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Merely adopting scrum and organizing teams into squads has not delivered on the promise of increased agility that so many organizations hoped for.

The So What

When companies decide to change their ways of working, they tend focus most of their effort on adopting agile ceremonies, such as sprints, standups, and retrospectives, as these are highly visible and easy to implement.

Yet true enterprise agility demands a transformation of the entire operating model.

Without adapting the entire operating model, they typically run into the following problems:

Lack of Alignment on Priorities. Pursuing too many priorities in parallel leads to fragmentation, frustration, and decreased agility. All too often, organizations have a comprehensive strategy and vision but fail to prioritize the initiatives that will deliver real-world impact. As a result, too many initiatives are launched in parallel. It is easy to share a top-down agenda, but more difficult to create alignment around a shared agenda, and even harder to stop working on outcomes that have been deprioritized.

Limited Autonomy. When people work within organizational siloes and teams are stymied by complex interdependencies, they can’t deliver value quickly. Even when practices like scrum or kanban are adopted effectively by individual teams, if dependencies with other teams have not been minimized, progress will stall.

Counterproductive Leadership Behaviors. The traditional command-and-control approach slows down the empowerment and effectiveness of agile teams. Leaders often rise up through the ranks because they have mastered command-and-control tactics, but enterprise agility requires leaders to behave differently.

Now What

When done right, enterprise agility offers enormous benefits: doubling speed to market, tripling customer satisfaction, and quadrupling responsiveness to change. Here are the top three interventions to achieve enterprise agility. (See the exhibit.)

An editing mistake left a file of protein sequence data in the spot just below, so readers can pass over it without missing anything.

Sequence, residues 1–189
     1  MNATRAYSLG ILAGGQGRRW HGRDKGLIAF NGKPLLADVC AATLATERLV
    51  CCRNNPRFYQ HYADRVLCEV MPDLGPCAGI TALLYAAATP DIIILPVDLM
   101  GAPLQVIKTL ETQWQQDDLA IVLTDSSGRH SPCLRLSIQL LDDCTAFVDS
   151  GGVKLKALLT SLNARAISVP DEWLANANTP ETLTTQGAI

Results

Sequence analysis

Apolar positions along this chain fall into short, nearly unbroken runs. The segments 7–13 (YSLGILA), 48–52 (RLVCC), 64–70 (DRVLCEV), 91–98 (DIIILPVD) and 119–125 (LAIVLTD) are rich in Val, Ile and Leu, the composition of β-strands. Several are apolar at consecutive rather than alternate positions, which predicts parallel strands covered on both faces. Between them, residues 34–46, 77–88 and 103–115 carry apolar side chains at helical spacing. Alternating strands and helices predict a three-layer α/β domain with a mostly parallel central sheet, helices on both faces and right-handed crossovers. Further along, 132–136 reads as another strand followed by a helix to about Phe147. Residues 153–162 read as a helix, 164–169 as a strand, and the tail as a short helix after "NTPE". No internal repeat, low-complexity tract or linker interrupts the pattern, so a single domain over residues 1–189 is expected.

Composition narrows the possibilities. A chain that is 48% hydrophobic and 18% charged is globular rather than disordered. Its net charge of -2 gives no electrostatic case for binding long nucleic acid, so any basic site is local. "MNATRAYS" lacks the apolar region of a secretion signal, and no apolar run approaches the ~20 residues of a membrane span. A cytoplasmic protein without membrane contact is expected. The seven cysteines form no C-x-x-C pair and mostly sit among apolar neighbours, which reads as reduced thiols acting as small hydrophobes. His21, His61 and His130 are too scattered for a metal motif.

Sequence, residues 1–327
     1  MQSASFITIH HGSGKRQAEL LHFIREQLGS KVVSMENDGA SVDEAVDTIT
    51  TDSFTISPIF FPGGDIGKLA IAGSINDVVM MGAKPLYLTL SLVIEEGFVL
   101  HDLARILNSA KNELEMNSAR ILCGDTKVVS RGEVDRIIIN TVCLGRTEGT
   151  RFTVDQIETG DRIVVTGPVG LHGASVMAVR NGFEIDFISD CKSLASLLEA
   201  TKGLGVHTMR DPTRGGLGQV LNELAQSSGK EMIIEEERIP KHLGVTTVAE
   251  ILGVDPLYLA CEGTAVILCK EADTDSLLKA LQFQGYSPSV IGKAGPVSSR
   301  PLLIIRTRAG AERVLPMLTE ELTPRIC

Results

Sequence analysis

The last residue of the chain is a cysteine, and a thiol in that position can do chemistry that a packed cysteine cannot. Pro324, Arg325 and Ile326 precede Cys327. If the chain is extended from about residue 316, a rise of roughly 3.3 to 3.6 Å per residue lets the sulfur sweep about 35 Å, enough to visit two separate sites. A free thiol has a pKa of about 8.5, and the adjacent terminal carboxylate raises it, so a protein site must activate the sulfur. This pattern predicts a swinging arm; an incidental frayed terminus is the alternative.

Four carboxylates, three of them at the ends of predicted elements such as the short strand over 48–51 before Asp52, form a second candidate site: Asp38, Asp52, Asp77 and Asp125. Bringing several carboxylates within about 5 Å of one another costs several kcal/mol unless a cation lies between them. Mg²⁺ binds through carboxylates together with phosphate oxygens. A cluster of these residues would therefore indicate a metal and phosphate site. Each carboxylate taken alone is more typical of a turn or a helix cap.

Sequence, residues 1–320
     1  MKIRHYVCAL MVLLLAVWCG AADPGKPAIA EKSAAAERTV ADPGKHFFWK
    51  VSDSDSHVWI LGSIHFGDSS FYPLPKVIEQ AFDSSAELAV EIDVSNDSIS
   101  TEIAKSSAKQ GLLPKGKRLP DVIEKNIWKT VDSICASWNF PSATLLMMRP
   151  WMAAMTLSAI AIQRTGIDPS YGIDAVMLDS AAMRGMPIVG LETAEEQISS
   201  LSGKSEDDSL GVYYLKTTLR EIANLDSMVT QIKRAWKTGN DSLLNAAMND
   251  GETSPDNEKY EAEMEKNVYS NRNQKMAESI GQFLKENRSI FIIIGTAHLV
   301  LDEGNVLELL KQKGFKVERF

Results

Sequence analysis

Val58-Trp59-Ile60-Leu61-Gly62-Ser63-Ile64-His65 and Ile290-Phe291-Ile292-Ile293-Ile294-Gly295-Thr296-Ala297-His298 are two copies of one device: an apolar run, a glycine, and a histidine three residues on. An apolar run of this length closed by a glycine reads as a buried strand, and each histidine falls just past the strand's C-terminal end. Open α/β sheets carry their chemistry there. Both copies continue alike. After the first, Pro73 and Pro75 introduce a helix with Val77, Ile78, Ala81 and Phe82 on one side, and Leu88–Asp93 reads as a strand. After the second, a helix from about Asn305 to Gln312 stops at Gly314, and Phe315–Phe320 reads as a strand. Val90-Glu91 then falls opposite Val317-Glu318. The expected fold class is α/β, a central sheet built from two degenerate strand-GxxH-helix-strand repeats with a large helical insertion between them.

Start less, finish more. To do this, the organization must pursue both vertical and horizontal alignment. The goal of alignment is to create cohesion around the company’s priorities, objectives, and resources—both vertically (all teams, from top to bottom, share the same priorities) and horizontally (interdependencies between teams are systematically removed).

The vertical alignment is fostered through an unbroken chain of why that articulates the links between the overarching business outcomes that the company needs to achieve and the work that individual teams are charged with delivering. Every employee, at every level of the organization, should be able to say what they are doing and how that contributes to the overall objectives.

To reinforce the chain of why, teams should be judged on the value they deliver, not milestones. Establishing annual and quarterly business reviews helps organizations to evaluate their progress toward goals and change direction when needed. These mechanisms connect people’s day-to-day work to desired business outcomes and pave the way for lasting change.

Don’t just give autonomy, organize for autonomy. To deliver speedy results, teams require maximum autonomy. Autonomy is not something that can be decreed. Companies must organize in ways that overcome the potential barriers and roadblocks their teams will face, eliminate unnecessary handoffs, and reduce interdependencies. The goal is to enable small, dedicated, empowered, and multidisciplinary teams to handle their tasks independently from beginning to end. Still, no matter how well you structure the organization, some dependencies will always exist—but various mechanisms, such as cross-functional teams, can gradually reduce those dependencies.

Especially as agility scales across the organization, teams must be able to build, test, deploy, and pivot solutions as autonomously as possible. This is when a modular technology architecture and a platform operating model become increasingly important; therefore, achieving enterprise agility typically also requires a technology transformation.

The leadership style that got you here won’t get you there. Leaders need to set a clear vision up front—and then let go and trust their teams to get the job done.

Leaders need to embrace three behaviors:

  • Foster trust and transparency. Move away from a command-and-control culture that demands more detailed milestones and updates.
  • Be crystal clear on priorities. Then focus on creating alignment and autonomy across the whole organization.
  • Start small, iterate continuously, and create value quickly. Move away from the tendency to launch big projects, executed perfectly, with slow delivery.

Enterprise agility is a powerful solution for companies that want to succeed in an increasingly competitive environment. When the operating model supports alignment and autonomy among working teams, enterprise agility delivers extraordinary results.

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